OUR VIEW: Wilson right to speak out about Machine

Our View

Last week, SGA Vice President for Student Affairs David Wilson became the first Machine-backed SGA official to publicly acknowledge the organization’s existence in nearly six years. In doing so, he showed a remarkable level of courage and humility.

The Machine has supported a lot of good candidates for office throughout its history; unfortunately, most of them never come to terms with the negative consequences of allowing the Machine to select many of our student leaders, much less acknowledge those consequences publicly.

Wilson not only spoke candidly about the Machine’s impact on our campus, but he was open and honest about his previous interactions with the group. He admitted to gaining its support for both an SGA Senate seat and his current position, accepting campaign contributions and attending meetings where he was told how to vote as a senator. He admitted that he realized problems with the way the Machine operates, and asked his friends in the organization to change course. When that effort failed, he disavowed any further association with the organization.

Some students have expressed skepticism towards Wilson’s statements, wary that his own political interests are driving his call for reform. But if Wilson had remained silent about the Machine, he could have very possibly been its candidate for SGA president in the spring. Instead, he gave up an almost certain path to victory in order to be honest with the student body about his concerns and regrets.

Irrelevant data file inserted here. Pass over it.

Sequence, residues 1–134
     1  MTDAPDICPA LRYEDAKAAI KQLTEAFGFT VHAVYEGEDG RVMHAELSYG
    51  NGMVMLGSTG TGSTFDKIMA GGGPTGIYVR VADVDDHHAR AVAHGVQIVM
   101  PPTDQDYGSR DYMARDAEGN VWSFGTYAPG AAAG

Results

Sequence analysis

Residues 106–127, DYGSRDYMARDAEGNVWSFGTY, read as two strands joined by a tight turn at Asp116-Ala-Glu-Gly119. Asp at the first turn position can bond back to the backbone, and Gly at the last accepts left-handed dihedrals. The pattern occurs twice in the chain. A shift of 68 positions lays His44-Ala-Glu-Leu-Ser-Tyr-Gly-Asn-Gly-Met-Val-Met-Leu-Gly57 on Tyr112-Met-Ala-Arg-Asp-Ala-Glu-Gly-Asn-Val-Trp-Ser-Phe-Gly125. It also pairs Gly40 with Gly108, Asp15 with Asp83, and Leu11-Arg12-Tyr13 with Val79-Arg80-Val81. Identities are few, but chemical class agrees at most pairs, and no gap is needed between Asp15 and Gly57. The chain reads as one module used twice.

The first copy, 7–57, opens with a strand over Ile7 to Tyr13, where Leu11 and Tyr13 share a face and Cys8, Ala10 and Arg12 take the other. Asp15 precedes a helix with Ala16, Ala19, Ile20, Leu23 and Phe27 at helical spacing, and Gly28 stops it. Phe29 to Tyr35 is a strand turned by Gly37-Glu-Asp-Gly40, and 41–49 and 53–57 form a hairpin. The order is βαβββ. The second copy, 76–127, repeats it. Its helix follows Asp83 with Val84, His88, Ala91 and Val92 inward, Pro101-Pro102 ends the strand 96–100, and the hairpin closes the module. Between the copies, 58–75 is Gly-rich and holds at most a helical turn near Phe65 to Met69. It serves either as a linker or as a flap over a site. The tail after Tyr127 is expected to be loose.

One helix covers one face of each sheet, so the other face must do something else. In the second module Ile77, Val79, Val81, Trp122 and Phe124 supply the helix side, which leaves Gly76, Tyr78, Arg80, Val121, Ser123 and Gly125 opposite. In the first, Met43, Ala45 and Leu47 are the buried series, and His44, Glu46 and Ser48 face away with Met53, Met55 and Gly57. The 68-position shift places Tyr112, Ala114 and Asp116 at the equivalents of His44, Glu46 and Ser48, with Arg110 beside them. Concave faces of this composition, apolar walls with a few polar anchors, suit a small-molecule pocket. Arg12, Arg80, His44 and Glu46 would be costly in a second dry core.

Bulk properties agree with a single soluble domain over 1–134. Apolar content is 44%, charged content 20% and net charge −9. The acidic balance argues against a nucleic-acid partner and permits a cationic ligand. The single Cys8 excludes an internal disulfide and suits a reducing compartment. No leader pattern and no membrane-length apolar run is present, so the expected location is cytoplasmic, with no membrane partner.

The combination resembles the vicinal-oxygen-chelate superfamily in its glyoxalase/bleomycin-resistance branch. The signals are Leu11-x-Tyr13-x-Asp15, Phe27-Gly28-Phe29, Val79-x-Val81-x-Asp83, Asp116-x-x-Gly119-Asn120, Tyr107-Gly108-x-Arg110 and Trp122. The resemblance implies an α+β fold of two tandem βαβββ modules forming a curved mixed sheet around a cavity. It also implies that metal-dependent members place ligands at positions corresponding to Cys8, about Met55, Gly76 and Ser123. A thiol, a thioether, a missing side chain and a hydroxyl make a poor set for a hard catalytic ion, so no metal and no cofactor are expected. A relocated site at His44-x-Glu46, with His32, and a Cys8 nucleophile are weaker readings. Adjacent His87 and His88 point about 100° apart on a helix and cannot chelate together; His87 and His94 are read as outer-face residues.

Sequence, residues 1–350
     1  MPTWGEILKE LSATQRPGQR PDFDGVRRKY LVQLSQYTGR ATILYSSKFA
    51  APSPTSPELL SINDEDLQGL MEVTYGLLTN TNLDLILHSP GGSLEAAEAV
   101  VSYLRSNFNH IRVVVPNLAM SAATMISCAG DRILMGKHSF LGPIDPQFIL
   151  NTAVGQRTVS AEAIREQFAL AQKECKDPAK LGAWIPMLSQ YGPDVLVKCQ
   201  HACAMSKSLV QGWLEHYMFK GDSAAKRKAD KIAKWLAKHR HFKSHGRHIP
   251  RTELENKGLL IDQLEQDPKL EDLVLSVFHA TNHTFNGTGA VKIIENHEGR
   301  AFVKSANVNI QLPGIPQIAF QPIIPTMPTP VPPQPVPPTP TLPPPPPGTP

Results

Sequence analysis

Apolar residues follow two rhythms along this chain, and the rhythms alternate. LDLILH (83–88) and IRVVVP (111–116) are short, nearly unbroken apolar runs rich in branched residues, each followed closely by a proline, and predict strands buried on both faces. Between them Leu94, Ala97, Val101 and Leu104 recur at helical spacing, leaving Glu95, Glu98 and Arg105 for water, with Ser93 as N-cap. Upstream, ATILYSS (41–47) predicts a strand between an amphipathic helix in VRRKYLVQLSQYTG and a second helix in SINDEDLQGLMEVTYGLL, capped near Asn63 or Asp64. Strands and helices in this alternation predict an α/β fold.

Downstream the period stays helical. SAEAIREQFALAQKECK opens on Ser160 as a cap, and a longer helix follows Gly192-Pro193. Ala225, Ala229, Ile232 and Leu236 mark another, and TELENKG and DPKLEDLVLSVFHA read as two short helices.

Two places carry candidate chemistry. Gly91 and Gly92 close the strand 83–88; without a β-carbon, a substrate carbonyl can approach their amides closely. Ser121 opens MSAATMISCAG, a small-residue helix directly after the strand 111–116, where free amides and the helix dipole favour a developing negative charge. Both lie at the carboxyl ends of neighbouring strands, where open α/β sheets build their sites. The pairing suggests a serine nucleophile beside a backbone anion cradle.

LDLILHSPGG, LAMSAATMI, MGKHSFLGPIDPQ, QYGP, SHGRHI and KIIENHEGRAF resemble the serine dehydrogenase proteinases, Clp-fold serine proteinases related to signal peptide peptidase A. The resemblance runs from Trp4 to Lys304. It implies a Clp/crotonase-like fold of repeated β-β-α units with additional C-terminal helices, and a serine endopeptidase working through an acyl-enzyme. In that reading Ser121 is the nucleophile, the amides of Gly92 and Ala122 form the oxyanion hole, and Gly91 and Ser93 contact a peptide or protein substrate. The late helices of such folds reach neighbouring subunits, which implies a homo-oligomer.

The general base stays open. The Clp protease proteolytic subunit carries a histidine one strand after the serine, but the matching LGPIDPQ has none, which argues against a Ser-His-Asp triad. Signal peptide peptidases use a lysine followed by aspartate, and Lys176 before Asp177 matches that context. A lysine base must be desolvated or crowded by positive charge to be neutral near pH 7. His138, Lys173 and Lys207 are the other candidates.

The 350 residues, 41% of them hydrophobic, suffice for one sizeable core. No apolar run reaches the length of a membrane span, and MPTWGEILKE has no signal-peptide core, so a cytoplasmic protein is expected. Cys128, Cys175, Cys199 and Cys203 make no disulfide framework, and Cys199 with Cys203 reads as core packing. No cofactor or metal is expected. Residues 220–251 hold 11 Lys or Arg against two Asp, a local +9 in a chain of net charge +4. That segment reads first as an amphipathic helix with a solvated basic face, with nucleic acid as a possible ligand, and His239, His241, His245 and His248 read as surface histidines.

Wilson’s openness has sparked a public conversation about the Machine and its operations. Such dialogue can only help students improve their understanding of campus life and think more critically about how decisions are made on behalf of them and their communities. Conversation and information about the Machine will also empower students to make decisions about whether they want the organization to continue to play a role on our campus and in their lives.

Additionally, Wilson pointed out the many negative repercussions the Machine has for the greek community, which are frequently overlooked. For instance, Wilson mentioned greeks who have been told that they cannot run for office and greek voters who are not given the opportunity to choose their leaders and candidates. While students who are not in Machine fraternities and sororities might face an uphill climb in getting elected to campus offices, at least they have the freedom to run and express their feelings openly. Students in chapters affiliated with the Machine haven’t always had that freedom.

But they do now.

Wilson joins a chorus of other greek leaders who have spoken out about the Machine in recent weeks. Austin Gaddis, the president of a Machine fraternity, and SoRelle Wyckoff, a vice president of a Machine sorority, have both argued against the Machine on this page.

If other greeks share these sentiments, now is the time for them to be open and forthcoming about their concerns. These courageous greeks have shown that even some of the most senior members of Machine fraternities and sororities don’t support the Machine, and aren’t intimidated by its influence.


Our View is the consensus of The Crimson White editorial board. Assistant Managing Editor Will Tucker and Chief Copy Editor John Davis did not participate in this editorial.